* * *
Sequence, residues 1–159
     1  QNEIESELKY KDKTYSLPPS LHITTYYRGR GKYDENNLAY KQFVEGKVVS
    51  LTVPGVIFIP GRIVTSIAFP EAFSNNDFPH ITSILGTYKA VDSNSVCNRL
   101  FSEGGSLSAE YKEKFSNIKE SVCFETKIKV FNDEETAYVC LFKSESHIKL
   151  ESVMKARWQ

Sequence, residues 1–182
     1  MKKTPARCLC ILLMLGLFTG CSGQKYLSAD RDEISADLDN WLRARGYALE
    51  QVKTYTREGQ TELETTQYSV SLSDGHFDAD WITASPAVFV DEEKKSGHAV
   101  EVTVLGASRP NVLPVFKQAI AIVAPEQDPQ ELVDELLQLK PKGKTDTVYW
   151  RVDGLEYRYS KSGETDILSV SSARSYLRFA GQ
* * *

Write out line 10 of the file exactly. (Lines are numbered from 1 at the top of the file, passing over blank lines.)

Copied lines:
   151  RVDGLEYRYS KSGETDILSV SSARSYLRFA GQ